They just don’t make superhero wedding comics* the way they used to.
These days, it’s as likely as not that a heavily promoted “wedding issue” will come out and have not a single scene where anything remotely resembling a wedding ceremony occurs. Or, a couple does get married, but it’s a different couple than the one whose marital union the book was supposed to be about. Something of a bait-and-switch going on in both of those cases, if you ask me.
Ah, but in the Good Ol’ Days (AKA the Silver Age of Comics), the major funnybook publishers really knew how to celebrate them some nuptials. For an example, take Aquaman #18 (Nov.-Dec., 1964), where the whole blamed Justice League of America turns out for the Sea King’s undersea wedding to Mera (bubble helmets thoughtfully provided by the Royal Atlantean Event Planning Committee, I’m sure), Or Fantastic Four Annual #3 (1965), in which not only do all of Reed Richards’ and Sue Storm’s super friends show up, but so do a whole passel of super foes, as well, thanks to the machinations of the diabolical Doctor Doom. Now that’s what I call a wedding to remember. Not a dry (or un-blackened) eye in the house, y’know what i mean?
And then, there’s Avengers #60, featuring “‘Til Death Do Us Part!”, by Roy Thomas (writer), John Buscema (penciler), and Mike Esposito (inker, as “Micky Demeo”) — which not only gives us an Avengers Mansion-ful of super-powered guests and gatecrashers, but also brings the wacky on a level rarely seen before or since. Read More
When we last checked in on Matt Murdock for this blog, he was engaging in an unnecessary (but still entertaining) slugfest with Captain America, while also moping over having been (sort of) dumped by his (kinda) girlfriend, Karen Page. All that, of course, went down in Daredevil #43, published in June, 1968. The three issues that followed that one told a single story, in which Daredevil was framed for murder by his newest arch-foe, the Jester, who’d been introduced in #42. I bought those issues when they came out, and the story was a pretty good one, as I recall. Nevertheless, I’ve opted not to blog about them here — mainly because the Jester’s not all that interesting to me as a villain, and I’ve already made most of the general comments I could make about scripter Stan Lee and penciler Gene Colan’s late-Sixties DD work in earlier posts.
Daredevil #47 is something different, however. “Brother, Take My Hand!” (for which Lee and Colan are joined by inker George Klein) is a standalone story without any flashy costumed super-villains, which deals meaningfully with some fairly unusual topics for a 1968 comic book — the Vietnam War, physical disabilities, and racial equality — without actually being “about” any of them. Read More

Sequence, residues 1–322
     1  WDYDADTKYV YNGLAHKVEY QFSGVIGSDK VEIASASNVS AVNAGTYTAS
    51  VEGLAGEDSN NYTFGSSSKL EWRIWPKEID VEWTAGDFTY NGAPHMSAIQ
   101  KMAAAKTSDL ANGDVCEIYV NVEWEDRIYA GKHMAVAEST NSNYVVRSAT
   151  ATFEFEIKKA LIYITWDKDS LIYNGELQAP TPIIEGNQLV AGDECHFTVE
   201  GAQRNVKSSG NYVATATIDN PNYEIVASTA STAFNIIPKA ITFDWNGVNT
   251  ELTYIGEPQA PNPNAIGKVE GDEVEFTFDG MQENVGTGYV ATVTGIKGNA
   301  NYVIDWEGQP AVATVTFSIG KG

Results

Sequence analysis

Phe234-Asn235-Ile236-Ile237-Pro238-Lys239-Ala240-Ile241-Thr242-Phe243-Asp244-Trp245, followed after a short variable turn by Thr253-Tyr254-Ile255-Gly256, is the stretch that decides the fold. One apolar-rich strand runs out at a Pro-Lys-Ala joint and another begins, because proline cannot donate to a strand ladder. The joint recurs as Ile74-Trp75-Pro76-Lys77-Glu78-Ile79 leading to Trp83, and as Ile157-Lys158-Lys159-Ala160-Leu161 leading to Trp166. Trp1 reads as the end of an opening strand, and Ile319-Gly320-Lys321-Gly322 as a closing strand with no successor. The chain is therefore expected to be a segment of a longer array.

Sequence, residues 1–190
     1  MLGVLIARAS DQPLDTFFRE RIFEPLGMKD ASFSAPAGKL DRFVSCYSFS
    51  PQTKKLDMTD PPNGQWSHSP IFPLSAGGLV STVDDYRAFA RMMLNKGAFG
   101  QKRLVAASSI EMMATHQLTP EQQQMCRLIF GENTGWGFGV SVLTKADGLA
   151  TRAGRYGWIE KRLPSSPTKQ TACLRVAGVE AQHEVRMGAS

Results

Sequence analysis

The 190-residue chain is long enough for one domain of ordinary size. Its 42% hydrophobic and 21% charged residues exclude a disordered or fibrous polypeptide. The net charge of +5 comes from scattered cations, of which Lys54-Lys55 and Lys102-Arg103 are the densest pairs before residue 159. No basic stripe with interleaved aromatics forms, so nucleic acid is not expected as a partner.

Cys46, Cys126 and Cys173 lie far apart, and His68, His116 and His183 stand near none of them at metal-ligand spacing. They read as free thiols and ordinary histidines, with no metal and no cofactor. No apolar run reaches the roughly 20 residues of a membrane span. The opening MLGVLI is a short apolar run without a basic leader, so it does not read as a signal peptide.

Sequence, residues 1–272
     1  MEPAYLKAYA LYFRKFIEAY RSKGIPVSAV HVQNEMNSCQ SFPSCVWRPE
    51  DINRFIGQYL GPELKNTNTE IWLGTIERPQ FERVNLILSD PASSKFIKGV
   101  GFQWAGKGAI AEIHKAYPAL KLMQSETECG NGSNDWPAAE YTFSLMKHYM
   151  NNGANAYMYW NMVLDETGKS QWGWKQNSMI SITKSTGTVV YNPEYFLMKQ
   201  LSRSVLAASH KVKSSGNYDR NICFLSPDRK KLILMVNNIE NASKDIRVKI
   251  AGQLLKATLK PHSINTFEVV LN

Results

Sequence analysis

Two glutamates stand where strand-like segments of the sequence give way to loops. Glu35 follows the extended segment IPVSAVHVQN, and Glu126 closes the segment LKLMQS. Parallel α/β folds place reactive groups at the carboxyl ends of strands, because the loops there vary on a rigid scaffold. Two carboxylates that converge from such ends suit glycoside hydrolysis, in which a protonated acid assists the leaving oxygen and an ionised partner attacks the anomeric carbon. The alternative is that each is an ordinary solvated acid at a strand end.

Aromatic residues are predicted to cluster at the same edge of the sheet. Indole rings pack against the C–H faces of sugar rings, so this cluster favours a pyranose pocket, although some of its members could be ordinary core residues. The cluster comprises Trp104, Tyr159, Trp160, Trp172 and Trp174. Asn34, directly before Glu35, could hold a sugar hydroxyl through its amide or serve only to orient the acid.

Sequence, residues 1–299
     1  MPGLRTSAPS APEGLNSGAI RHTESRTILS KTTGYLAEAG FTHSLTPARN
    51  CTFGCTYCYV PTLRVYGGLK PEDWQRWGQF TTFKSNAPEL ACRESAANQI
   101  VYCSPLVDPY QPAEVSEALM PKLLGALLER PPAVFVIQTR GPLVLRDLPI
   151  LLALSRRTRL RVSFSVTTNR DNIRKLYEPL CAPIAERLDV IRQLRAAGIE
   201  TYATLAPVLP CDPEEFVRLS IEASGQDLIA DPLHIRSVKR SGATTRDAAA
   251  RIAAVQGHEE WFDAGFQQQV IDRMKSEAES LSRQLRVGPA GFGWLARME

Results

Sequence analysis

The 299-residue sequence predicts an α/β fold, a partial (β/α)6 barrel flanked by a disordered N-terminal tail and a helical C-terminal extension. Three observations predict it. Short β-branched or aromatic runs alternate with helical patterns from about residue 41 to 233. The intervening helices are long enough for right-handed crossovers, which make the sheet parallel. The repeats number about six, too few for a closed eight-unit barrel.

By September, 1968, when the subject of today’s post came out, I was buying The Avengers semi-regularly. Of course, “semi” literally means “half” (at least in the original Latin) — which is my way of saying that though I’d bought issues #53, #56, and the 1968 Annual, I’d skipped, or at least missed, issues #54, #55, and #57. So, not only did my eleven-year-old self miss out on the debut of the Vision (in #57), but I was also completely in the dark about the malevolent robot who’d allegedly created him, Ultron-5, introduced in issues #54 and #55 as the mysterious leader of the “new” Masters of Evil.
Thus, when I came across Avengers #58 in the spinner rack, I may have been momentarily daunted. Even if I had no obvious way of knowing that this issue tied into the Masters of Evil storyline from several months back, it was clear from the cover that the story was a direct follow-up to the previous issue’s Vision tale.
But the cover also made it crystal clear that the book featured appearances by Captain America, Iron Man, and Thor — the Avengers’ “Big Three”, whom series writer Roy Thomas wasn’t allowed to use as regular team members by the fiat of editor Stan Lee, but whom he nevertheless shoehorned into the book every chance he got — and I had been conditioned by now to recognize this as being something of a special event (if not necessarily a rare one). And, in the end, that must have sold me. I’d buy the book, and trust that the creative team — which included penciler John Buscema and inker George Klein, in addition to Thomas — would catch me up. Read More